On our way back from Snowdonia in April we decided to stop off at Chirk Castle close to the Wales/England border. As National Trust members we definitely prefer to use the facilities at one of their properties rather than going to a motorway services if we can help it! Although, that being said, we did also stop at Chester services om our way down and as far as services go, they were a 10/10 and had a great range of food to have for lunch. On our way back however we decided to bypass motorway services altogether and stick to the National Trust. We’d previously stopped at Chirk on our way down to Powys in 2018 and therefore we knew it was a great place to stop off to stretch our legs on the drive.
Chirk Castle is one of the many Welsh Castles built during the reign of Edward I to help subdue the Welsh Princes. Built in the 13th century, the castle was purchased a few centuries later by a businessman/privateer, and was passed down through his family for many generations. Not all of the original fortress stands today, as part of the castle was destroyed and re-built during the English Civil war. Today, the castle is owned by the National Trust, with the castle, gardens and grounds open to visitors.
The castle has a selection of way marked trails you can follow of varying lengths and difficulties, as well as a cafe, toilets and shop where you can stop and re-fuel.
The walk we did on our first visit took us along a section of Offa’s Dyke. Offa’s Dyke is an ancient earthwork which covers around 150 miles of the England/Wales border, built in the eighth century by the Anglo-Saxon king of Mercia, Offa. The bank is up to 20m wide in places and is a popular long distance walking route – Offa’s Dyke Path runs from Chepstow to Prestatyn and takes in some of the loveliest countryside Wales has to offer. As well as following it for a way at Chirk, we also spent a short section of time on the Offa’s Dyke Path when we walked up Penycloddiau and Moel Arthur – another lovely part of Wales.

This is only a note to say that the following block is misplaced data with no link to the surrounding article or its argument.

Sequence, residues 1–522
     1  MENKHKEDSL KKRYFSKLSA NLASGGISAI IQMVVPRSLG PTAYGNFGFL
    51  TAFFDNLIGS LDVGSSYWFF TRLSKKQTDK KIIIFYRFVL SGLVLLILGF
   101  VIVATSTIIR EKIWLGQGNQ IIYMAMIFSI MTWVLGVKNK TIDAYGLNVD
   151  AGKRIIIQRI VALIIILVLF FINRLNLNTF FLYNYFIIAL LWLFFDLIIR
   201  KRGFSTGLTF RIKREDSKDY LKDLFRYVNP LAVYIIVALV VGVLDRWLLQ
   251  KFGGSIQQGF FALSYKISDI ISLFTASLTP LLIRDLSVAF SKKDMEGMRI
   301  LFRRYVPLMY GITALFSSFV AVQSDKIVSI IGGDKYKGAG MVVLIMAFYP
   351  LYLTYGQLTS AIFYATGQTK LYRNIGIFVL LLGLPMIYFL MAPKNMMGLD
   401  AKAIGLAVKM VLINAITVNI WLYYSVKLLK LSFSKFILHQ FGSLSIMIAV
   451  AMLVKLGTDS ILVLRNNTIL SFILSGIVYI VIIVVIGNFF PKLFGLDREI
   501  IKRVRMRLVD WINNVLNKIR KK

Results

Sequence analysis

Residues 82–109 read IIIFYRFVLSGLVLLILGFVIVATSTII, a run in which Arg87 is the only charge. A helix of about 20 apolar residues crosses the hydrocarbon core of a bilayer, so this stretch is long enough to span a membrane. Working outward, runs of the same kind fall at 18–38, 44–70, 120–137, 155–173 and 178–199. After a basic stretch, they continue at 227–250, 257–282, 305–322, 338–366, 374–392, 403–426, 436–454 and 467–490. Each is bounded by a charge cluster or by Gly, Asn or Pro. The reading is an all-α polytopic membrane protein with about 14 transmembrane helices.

After investigating Offa’s Dyke on our first visit, on our second visit we decided to do the woodland walk. While you don’t get the same views of the castle that you do on some of the other trails, the woods were extremely quiet and a much more exciting walk for the dogs. You even have the possibility of running into Chirk’s herd of semi-wild ponies who are used for conservation grazing in the woods.
We didn’t stay for too long on our most recent visit – just a short stroll through the woods. We had planned to stay for longer but when we arrived, the lady at the front desk was so rude to us it spoiled our visit a little, and we didn’t want to linger! Essentially, I’d left our National Trust cards in the car as we had our pre-booked tickets, and when I said we didn’t have the cards she gave us a five minute lecture on why we should’ve brought them, before saying we actually didn’t need them when I offered to go and get them from the car! Pretty rubbish customer service but that’s not the National Trust’s fault I suppose.
Dog friendly rating – 3.5/5. Like most National Trust properties, Chirk is a great dog friendly day out. You are welcome to take your dog for a walk in the parkland and the courtyard is dog friendly with water bowls for dogs. Sadly, dogs aren’t allowed in the formal gardens (even on a lead), so if you want to have a look at the fancy plants you will need to take it in turns while someone waits with the dog.
If you choose to wander through the parkland with your dog, make sure you are considerate of livestock, as both sheep and cattle can be found grazing. Even in the woods you need to keep an eye out for signs asking you to keep dogs on a lead in some sections, as this is where you are liable to run into the ponies.
If you’ve enjoyed reading this blog today make sure you subscribe below: